Gyokuro leaf is much more tender than sencha leaf. Brewing time should be slightly shorter than how we brew sencha. For sencha, the first brewing is for 1 mins For Gyokuro, 30 seconds to 40 seconds is long eough. The second brewing must be kept less than a few seconds. The theird brewing also the same. From the forth brewing, increase to 10 seconds and for the each subsequent brewing add additional 10 seconds.
Suitable Tea Equipment
Banko purple clay and Tetsubin makes the taste of Gyokuro even better. It is mainly thanks to the iron that released from the equipment. The iron enhance the depth of after taste in particular. For this brewing method, we also recommend red clay teapot. With higher temperature, aroma and flavor comes up more intense which synclonizes with the character of red clay.
Cold Water Brewing Method
Most of Green Teas can be brewed in cold water. The higher the grade, the more suitable it is with cold water brewing. In particular, Gyokuro is second to none when it comes to cold the water brewing.
Brewing method using large container
1. Measure 1 table spoons of tea leaves for 500 of water.
2. Pour in water into glass jar or bottle and leave it for more than 30 mins. It is also good idea to put tea leaf directly into Pet Bottle.
3. Very gently stir the container in order to even out its concentration.
4. Usually the taste of tea is getting thicker when it is brewed for more than a few hours. In this case, top up additional water. Eventually tea can be brewed more than 1 liters per 1 table spoons.
Brewing method using clay teapot
1. Measure 4-6g of tea leaf for 200ml of water.
2. Pour water into clay teapot and brew it for 3 mins.
3. For second brewing, brew for 20 seconds. Alternatively you can also swtich to hot water from second brewing onwards, if you wish. With hot water on second brewing, pour boiling water and brew for less than a few seconds. Since tea leaf is very cold and wet, the temperature drastically drops to less than 60 degree.
The benefit of cold water brewing is Tea can last for whole day and the taste is natural sweet and refreshing. Thanks to the cold water extraction, the level of caffeine in tea is extremely low. You would not suffer from sleepless night. It can be even enjoyed by kids.
Brewing method using Hohin
6. Storage of Tea
Keep tea away from moisture
Once a bag of tea is opened, please finish it within 3 months if you wish to enjoy its freshness. From the medical point of view, it is safe to consume the tea even if it is kept for a few years. However the freshness disappears if it is kept for too long. Tea must be tightly sealed before it is kept. Tea should be kept in ambient and dry conditions such as in the living room, but it must be completely away from humidity. Tea should not be kept in the kitchen as the environment is very humid. Avoid enclosed area such as inside the cupboard or drawer as these places are damp. Also avoid opening the bag of tea in humid atmosphere. It is recommended to open the bag during a sunny day or under air-conditioned atmosphere. Once tea leaves absorb moisture, deterioration of tea will be triggered within a few days. Tea will then give an astringent taste, sometime it tastes sour. The fresh aroma also becomes weaker.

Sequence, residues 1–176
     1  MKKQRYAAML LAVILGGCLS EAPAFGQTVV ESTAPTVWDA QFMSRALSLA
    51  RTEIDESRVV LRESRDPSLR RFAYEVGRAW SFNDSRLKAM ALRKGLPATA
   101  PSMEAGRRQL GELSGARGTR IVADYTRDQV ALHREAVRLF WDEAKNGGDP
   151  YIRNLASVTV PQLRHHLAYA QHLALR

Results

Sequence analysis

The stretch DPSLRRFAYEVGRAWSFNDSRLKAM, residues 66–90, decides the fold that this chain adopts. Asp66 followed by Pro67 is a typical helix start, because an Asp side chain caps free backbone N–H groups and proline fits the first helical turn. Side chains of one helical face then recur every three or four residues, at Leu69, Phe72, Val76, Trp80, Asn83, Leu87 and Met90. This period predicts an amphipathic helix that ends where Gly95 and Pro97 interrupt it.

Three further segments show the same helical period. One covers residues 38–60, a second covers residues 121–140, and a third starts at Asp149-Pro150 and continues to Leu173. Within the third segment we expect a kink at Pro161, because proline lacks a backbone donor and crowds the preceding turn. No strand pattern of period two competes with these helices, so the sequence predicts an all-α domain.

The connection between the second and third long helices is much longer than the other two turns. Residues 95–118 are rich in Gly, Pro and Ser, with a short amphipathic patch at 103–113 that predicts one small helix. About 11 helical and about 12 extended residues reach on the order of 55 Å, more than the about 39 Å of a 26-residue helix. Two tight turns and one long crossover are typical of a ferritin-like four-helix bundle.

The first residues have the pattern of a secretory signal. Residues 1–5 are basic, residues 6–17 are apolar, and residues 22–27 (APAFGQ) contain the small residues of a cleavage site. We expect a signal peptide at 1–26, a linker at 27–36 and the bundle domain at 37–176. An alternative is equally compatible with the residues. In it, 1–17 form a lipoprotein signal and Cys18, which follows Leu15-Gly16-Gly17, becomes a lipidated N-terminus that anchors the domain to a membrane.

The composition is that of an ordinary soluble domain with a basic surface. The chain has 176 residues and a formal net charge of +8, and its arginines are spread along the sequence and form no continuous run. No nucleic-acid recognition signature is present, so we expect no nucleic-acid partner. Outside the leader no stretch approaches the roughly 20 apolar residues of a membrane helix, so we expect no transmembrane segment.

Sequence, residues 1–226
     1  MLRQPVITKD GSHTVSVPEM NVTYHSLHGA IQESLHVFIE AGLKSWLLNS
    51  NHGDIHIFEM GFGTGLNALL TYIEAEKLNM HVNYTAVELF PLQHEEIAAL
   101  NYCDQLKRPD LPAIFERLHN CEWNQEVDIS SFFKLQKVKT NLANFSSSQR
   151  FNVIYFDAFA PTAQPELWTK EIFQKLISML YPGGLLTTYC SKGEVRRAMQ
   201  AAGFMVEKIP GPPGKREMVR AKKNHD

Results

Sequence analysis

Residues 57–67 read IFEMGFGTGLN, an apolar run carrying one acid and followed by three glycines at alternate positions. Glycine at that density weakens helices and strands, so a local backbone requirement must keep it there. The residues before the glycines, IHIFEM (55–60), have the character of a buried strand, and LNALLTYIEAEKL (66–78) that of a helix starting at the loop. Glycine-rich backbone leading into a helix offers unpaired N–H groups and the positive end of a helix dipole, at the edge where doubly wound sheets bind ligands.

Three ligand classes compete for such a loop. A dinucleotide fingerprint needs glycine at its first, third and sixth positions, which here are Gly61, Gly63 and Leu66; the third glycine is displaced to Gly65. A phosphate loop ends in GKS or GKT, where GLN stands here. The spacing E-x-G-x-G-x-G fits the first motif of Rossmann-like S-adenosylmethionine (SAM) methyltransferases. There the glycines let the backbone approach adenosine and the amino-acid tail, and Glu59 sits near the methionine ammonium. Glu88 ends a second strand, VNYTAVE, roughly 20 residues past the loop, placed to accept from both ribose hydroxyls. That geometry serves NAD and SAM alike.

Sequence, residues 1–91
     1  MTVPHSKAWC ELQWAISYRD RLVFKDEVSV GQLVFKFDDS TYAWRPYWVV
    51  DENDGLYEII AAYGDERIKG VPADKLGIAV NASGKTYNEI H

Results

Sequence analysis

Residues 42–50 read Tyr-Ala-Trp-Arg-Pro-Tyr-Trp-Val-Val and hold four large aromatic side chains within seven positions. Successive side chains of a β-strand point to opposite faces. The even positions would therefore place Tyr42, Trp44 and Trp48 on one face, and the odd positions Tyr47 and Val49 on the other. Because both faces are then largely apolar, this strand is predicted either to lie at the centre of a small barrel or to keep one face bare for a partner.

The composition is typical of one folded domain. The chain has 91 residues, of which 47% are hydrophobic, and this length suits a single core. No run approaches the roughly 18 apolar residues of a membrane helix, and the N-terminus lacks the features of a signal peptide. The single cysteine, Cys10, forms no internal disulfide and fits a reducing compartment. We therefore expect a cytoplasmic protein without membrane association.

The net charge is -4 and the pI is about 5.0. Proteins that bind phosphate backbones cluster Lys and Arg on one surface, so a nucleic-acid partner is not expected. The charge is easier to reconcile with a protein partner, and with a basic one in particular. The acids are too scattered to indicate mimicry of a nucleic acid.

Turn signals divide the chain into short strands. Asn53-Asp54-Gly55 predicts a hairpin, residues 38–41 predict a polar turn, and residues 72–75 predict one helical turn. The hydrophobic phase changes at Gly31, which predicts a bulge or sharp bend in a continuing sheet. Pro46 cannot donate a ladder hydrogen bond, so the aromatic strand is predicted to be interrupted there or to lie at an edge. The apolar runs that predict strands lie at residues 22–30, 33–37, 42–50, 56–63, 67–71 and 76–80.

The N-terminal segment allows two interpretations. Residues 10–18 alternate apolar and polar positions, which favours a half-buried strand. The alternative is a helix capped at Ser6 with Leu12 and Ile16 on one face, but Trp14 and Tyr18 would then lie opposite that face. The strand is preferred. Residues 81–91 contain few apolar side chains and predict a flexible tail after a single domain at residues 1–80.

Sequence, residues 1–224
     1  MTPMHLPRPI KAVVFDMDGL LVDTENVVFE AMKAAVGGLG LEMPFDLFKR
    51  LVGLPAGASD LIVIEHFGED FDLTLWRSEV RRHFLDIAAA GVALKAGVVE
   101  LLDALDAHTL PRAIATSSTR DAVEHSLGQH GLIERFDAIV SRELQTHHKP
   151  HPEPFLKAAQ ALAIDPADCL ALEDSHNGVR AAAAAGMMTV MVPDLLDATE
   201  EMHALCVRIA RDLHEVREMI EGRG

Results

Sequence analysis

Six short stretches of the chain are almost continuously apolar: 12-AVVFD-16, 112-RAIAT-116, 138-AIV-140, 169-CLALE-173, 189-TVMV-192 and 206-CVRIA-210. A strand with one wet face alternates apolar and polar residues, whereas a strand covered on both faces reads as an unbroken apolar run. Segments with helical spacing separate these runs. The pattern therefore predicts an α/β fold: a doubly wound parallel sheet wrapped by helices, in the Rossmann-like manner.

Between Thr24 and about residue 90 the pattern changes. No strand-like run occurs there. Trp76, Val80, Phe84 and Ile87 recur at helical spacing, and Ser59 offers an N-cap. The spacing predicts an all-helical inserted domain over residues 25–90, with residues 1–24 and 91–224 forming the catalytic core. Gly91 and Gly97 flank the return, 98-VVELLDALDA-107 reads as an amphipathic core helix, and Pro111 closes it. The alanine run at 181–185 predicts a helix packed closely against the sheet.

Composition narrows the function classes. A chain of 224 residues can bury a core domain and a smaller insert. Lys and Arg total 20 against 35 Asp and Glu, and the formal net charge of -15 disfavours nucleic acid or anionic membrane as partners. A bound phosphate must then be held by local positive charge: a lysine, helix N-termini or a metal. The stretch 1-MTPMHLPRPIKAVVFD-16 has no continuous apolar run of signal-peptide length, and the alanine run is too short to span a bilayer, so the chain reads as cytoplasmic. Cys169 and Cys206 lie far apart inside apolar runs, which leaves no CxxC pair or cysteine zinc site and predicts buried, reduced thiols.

Beware of keeping the tea in the fridge
The quality of tea lasts longer if it is kept in the fridge. However we strongly recommend you not to keep tea in the fridge. When tea is withdrawn from the fridge, there is usually condensation. Once tea is exposed to moisture during condensation, the quality will deteriorate within a few days. The higher moisture content in the tea leaves will trigger oxidation and it will completely destroy the quality of tea.
Here’s one frequently asked question: what happens if bag is sealed using tape or tea is packed in zipper bag and kept inside the fridge?
For your information, these simple sealing methods are not sufficient. When the bag is withdrawn from the fridge, it is cold inside the bag and therefore causes negative pressure. Air will be drawn from outside and condensation will occur. In addition, if the bag is taken in and out from the fridge very often, this will cause heat stress to the tea leaves as temperature is increased and decreased very frequently. If tea is kept in the fridge, when it is withdrawn from the fridge, it is necessary to leave it in ambient atmosphere for more than 24 hours in order to warm up the tea leaves. Based on our experience, 12 hours is not long enough. We may think tea is warmed up, but inside the bag, the tea leaves are still cold due to insulation effect.